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Valrico prepper Winters takes plea deal in federal gun case

Martin H. Winters has to tell where at least 30 illegally bought semi­automatic rifles are.
Martin H. Winters has to tell where at least 30 illegally bought semi­automatic rifles are.
Published Aug. 20, 2014

TAMPA — Doomsday prepper Martin Howard Winters, the subject of a June manhunt in eastern Hillsborough County, admits in a signed plea agreement that he illegally designed and owned destructive devices.

Winters, jailed without bail since his June 18 surrender to the FBI, is the latest of six people in a federal gun investigation to strike a deal with prosecutors.

Under its terms, he must disclose the location of at least 30 semiautomatic rifles obtained through straw buyers. The government would drop two existing charges and not prosecute him for the straw purchases.

The 55-year-old Valrico man led a group known as the River Otter Preppers, which advocated survival preparations in advance of an end-times event foretold in the Bible's Book of Revelation, court records state.

An undercover FBI agent reported that Winters talked of buried guns, booby traps and his plans to kill government agents if they raided his property.

Winters is scheduled to enter a formal guilty plea Oct. 2 in U.S. District Court in Tampa. The offenses are punishable by up to 10 years in prison.

Co-defendant Michael Bonta, 49, who also signed an agreement, is expected to plead guilty to making destructive devices. His plea agreement states that he made about 20 devices that Winters called "rod holders."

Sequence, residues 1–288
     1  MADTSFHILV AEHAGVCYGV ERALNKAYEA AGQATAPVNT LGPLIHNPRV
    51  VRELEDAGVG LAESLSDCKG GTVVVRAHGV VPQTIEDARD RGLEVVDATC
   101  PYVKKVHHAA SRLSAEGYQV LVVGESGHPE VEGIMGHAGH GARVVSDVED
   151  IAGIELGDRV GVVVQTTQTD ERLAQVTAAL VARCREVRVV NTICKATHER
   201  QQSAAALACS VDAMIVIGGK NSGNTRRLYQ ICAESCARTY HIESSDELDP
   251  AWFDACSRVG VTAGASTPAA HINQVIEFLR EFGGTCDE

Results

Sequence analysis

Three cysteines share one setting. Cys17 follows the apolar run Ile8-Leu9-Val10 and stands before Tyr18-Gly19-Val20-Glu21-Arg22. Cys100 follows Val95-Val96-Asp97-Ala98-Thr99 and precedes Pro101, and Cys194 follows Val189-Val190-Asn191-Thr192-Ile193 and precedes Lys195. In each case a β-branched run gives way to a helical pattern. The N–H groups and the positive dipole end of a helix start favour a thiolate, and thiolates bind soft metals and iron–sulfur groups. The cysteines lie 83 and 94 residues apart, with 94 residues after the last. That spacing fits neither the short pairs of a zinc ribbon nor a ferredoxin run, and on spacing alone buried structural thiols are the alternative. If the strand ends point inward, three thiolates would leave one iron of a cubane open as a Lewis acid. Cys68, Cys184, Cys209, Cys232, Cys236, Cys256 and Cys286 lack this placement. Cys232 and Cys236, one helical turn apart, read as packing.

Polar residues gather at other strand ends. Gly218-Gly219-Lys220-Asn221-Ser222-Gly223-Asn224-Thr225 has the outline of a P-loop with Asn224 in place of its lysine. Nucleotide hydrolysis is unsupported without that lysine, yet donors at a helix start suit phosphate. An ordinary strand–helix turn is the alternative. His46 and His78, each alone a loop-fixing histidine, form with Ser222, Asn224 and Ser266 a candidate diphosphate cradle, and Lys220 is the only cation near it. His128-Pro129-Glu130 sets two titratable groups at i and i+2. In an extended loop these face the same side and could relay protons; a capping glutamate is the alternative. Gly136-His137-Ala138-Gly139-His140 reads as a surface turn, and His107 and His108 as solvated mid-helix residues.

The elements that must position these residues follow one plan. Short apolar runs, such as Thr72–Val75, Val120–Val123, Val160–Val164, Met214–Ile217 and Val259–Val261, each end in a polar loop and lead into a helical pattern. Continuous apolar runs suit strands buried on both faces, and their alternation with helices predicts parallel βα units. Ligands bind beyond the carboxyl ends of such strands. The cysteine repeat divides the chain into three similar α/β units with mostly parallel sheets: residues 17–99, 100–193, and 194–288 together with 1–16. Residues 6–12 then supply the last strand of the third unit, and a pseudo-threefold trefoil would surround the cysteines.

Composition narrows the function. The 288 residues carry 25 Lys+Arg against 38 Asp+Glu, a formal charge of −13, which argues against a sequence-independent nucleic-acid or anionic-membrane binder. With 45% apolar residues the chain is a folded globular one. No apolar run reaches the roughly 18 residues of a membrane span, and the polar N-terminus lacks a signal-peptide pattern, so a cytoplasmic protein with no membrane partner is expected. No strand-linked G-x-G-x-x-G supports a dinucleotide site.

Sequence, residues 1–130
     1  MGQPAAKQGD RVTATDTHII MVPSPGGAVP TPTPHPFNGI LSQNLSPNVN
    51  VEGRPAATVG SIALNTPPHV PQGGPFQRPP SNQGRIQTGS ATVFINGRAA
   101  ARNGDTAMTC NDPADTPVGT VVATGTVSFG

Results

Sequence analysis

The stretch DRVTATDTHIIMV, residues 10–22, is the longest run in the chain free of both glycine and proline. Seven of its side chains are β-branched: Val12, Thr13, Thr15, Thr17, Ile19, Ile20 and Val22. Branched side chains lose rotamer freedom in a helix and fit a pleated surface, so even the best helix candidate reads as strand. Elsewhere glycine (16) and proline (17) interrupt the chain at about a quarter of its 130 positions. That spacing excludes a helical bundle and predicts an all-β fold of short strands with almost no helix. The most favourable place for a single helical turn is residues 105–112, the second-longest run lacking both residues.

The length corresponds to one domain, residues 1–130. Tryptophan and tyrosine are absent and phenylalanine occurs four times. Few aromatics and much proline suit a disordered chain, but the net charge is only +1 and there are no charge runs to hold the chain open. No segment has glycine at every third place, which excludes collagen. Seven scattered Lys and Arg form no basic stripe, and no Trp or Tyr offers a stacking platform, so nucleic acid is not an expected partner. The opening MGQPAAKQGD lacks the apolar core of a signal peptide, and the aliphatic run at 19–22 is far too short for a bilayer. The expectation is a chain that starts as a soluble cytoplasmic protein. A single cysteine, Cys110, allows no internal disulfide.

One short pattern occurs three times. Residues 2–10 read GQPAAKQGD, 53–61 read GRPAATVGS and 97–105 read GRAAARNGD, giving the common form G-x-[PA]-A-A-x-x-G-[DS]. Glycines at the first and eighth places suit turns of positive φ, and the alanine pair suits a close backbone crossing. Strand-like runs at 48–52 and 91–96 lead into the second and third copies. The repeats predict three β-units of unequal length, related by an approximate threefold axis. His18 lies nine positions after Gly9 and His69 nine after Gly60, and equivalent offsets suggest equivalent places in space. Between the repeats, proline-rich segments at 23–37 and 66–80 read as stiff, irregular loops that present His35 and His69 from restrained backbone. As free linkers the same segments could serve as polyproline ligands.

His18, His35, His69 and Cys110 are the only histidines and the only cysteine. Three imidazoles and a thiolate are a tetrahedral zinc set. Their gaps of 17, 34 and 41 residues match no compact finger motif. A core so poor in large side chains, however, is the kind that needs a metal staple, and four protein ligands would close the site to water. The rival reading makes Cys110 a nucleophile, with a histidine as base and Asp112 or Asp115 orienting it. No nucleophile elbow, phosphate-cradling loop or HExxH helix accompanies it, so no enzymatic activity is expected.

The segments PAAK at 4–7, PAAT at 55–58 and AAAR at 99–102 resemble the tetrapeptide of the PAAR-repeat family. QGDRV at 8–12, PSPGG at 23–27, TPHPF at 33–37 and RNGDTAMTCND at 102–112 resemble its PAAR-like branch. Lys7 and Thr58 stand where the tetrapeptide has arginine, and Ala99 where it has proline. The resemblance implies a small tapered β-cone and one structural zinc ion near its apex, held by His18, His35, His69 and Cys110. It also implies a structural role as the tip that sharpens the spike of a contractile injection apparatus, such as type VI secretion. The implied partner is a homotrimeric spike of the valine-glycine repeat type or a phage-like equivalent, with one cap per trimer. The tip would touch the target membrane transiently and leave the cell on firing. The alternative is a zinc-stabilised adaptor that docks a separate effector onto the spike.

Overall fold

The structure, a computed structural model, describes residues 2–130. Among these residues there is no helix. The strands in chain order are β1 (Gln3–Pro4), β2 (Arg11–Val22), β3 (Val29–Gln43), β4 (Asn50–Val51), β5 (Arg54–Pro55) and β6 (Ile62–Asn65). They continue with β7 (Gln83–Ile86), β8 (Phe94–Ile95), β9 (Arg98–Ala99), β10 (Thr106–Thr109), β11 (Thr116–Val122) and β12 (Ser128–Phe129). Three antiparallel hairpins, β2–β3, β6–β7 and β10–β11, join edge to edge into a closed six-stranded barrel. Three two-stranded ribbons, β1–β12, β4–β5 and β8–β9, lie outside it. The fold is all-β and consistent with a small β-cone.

The devices, according to court records, were designed to function as booby traps and could fire 12-gauge shotgun shells.

He made them without getting a proper federal permit and then didn't register them, the government alleged. Destructive devices and some other weapons — such as machine guns, silen­cers and short-barrel shotguns — are federally controlled.

Four others caught up in the investigation have pleaded guilty and are to be sentenced Oct. 31.

James Bruce Beebe, 56, and Jason Michael Swain, 33, each admitted to being a felon in possession of a firearm. Beebe's felony conviction, a California robbery, dated back to 1977. Swain was convicted of burglary and grand theft in 2007.

Desiree Beebe, 23, and Nicholas Ryan Hall, 23, each pleaded guilty to making a false written statement when buying a firearm, pretending the weapons were for their own use.

The cases were prosecuted by Assistant U.S. Attorney Donald Hansen, and Winters was represented by attorney Ellis Faught Jr.

Contact Patty Ryan at (813) 226-3382 or pryan@tampabay.com.

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